Who needs a CMS anyway?
Just last month, Salesforce acquired productivity tool Quip in a bid to compete against the likes of Microsoft Office, according to a number of reports. The move had a lot of the industry talking. Not only because it was a big punch in the face for those such as Microsoft and Google, but also due to the implications it would have on the wider collaboration and customer relationship management (CRM) market.
As Docurated’s Alex Gorbansky pointed out, the acquisition means that Quip could help Salesforce and its customers understand what content is driving deals. This convergence of content, collaboration and document management will connect the dots between data generated by different parts of the marketing workflow, feeding data back into the CRM.
This makes me wonder about the future of content management systems (CMS). They’re expensive, inflexible, difficult for non-technical users, and they often add unnecessary complexity into business processes.
In fact, Marc Gowland, Executive Technology Director at Deutsch recently argued that content management systems are “killing creativity.” In his VentureBeat op-ed, he pointed to the well-known flaws in these expensive and difficult-to-integrate systems.
First, the CMS decision for a project is usually made in advance of the design. When the tech team makes these decisions without understanding the creative objectives, it can lead to creative impasses later. Creative has a brilliant idea, but “the CMS doesn’t work like that.”
Second, once installed, it can be difficult to update them to meet fast-moving digital and marketing trends.
What is taking their place?
Drag-and-drop website builders: Many small businesses are taking advantage of build-your-own-website services like Wix and Squarespace, according to Gowland. WordPress.com is another example; it was rated one of the three top CMS for web content by G2 Crowd.
Mobile apps: In addition, as other online platforms become more sophisticated, they have begun to serve as ad-hoc CMS. Take the example of the Hindustan Times. Journalists in its newsroom rely on mobile phones with a plethora of operating systems. Snapchat continues to make big investments in advancing the platform, and the staff leverages this innovation in interesting ways.
Times Mobile Editor Yusuf Omar told Journalism.co.uk that thanks to the app’s cloud storage of video, footage shot on phones is immediately available, without having to be stored, transferred or manually uploaded. At the same time, the geo-tag filter provides time stamps and location tags, which is helpful for verifying authenticity of images and video.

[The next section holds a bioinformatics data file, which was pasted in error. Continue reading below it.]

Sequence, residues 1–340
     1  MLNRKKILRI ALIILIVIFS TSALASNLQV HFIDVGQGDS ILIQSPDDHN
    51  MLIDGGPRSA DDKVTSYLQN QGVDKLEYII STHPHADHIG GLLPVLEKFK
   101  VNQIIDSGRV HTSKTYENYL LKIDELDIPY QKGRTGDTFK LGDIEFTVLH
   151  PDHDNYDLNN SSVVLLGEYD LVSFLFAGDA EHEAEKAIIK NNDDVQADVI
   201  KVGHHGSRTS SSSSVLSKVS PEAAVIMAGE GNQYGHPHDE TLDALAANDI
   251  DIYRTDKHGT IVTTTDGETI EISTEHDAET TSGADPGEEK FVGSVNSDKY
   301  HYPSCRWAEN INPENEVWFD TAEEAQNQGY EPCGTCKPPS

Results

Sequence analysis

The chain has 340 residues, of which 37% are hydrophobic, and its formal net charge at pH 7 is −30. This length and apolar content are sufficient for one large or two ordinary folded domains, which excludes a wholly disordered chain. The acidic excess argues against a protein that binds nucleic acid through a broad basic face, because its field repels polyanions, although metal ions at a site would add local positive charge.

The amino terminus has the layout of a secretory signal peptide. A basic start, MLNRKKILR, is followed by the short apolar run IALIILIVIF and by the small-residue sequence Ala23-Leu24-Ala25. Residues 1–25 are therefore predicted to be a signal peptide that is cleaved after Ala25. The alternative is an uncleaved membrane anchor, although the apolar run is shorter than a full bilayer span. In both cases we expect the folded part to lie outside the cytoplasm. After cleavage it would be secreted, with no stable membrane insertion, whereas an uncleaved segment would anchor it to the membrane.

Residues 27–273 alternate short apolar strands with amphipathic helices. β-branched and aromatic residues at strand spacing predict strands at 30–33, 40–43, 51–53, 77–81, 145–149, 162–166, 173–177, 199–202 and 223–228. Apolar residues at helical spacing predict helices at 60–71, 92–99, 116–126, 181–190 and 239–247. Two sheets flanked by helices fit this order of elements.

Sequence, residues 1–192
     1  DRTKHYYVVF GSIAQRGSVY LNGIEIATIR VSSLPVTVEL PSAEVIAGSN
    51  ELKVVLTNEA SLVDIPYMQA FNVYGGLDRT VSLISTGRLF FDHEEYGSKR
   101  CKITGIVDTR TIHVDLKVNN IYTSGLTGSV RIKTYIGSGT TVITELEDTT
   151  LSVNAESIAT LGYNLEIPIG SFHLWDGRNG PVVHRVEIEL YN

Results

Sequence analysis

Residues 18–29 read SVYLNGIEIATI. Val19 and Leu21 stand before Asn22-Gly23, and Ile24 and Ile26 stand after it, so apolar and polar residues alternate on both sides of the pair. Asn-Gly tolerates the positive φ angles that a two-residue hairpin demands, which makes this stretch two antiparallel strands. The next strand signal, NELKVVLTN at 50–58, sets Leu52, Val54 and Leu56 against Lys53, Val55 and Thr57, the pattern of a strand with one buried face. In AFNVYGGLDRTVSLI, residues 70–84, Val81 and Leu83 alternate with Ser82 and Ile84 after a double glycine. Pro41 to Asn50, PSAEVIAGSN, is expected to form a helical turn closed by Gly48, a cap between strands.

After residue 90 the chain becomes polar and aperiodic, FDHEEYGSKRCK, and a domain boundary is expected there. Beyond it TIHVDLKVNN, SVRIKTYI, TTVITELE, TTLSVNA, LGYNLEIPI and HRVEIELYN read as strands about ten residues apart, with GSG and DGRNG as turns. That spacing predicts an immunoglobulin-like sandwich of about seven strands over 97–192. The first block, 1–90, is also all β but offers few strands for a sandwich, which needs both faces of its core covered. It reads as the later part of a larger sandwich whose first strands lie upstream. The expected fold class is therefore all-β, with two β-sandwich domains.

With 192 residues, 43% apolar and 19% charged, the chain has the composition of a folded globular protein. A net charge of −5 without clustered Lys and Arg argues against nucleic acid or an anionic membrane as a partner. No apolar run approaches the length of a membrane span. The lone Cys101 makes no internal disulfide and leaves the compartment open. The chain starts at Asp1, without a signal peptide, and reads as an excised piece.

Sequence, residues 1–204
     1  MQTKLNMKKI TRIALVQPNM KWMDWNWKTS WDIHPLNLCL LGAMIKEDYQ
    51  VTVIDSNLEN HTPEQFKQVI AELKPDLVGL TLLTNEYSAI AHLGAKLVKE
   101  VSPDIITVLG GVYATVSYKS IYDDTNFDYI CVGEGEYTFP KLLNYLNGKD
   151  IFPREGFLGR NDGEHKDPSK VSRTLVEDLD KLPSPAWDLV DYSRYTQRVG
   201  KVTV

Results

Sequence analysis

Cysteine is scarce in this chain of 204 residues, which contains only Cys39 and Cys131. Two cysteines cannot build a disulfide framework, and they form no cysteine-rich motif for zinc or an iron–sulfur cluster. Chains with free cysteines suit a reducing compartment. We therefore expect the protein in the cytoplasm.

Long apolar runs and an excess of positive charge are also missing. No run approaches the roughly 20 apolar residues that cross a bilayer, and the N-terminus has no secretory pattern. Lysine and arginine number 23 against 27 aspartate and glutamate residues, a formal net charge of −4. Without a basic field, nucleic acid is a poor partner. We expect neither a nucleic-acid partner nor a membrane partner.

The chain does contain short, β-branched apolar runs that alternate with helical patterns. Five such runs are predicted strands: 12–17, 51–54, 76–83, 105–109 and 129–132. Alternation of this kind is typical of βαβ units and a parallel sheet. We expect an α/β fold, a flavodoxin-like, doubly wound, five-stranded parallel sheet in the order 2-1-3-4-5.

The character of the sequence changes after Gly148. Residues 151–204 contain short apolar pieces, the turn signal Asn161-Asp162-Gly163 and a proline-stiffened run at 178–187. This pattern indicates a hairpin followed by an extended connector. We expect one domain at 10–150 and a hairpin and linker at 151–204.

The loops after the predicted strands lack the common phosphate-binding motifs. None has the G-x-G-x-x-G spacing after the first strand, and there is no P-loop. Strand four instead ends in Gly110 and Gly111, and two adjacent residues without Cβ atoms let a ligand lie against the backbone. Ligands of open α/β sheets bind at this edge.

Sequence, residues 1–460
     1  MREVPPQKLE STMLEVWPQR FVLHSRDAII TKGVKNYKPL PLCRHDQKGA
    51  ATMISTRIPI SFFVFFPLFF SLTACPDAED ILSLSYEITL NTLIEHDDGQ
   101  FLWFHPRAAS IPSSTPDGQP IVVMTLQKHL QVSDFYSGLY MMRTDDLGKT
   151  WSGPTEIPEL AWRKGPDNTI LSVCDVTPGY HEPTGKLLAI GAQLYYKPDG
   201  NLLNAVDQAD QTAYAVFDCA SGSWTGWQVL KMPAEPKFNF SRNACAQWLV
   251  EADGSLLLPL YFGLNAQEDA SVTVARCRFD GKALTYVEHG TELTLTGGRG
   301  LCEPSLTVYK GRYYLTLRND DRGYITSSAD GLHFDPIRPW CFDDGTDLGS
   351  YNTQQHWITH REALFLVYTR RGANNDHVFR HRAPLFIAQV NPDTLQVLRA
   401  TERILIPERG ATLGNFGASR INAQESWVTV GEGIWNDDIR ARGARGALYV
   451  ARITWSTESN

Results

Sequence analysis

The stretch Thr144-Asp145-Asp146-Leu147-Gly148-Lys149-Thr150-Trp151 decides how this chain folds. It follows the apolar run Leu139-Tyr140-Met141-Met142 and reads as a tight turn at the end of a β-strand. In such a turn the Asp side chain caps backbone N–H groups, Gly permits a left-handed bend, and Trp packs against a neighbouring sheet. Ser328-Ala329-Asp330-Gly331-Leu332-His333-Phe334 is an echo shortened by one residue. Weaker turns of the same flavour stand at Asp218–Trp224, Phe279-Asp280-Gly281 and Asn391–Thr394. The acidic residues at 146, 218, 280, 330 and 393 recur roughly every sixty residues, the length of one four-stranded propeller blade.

CRM systems: Many cloud-based CRM systems can host entire websites. This allows a company to merge CRM information with the website. Web form information is written directly into CRM forms, and, going the other way, CRM data can be used to personalize web pages.
Marketing automation platforms: Writing in CRM Switch, Steve Chipman notes that HubSpot now offers both content management and CRM functionality. We’ll see more MarTech companies going this route, I believe.
Data management platforms (DMPs): As Nathan Carver of Accordant pointed out on MediaPost, marketers are already using DMPs to segment their audiences for programmatic ad buying. The real opportunity is in using a DMP as the switching station to coordinate multiple channels.
Theoretically, a DMP can be like a CMS on steroids: The data management platform can push data to ad servers or to the email service provider’s platform, letting a marketer hit the right segments via either or both channels.
Do you need a CMS?
The marketplace is still evolving – and spending on CMS systems is expected to grow to $8.25 billion by 2020. However, for small to medium-sized businesses, I think that there are enough alternatives available right now that they can jettison the expense and complexity of adding this piece to the marketing stack.
Large enterprises certainly will still need a platform for managing content and data. That may be a CMS, for now. Or, it may be a more robust DMP.
The most important decision point is whether a company’s first-party data is easily available to every marketing application that could use it, so that marketers can connect with consumers across channels in the ways that work best.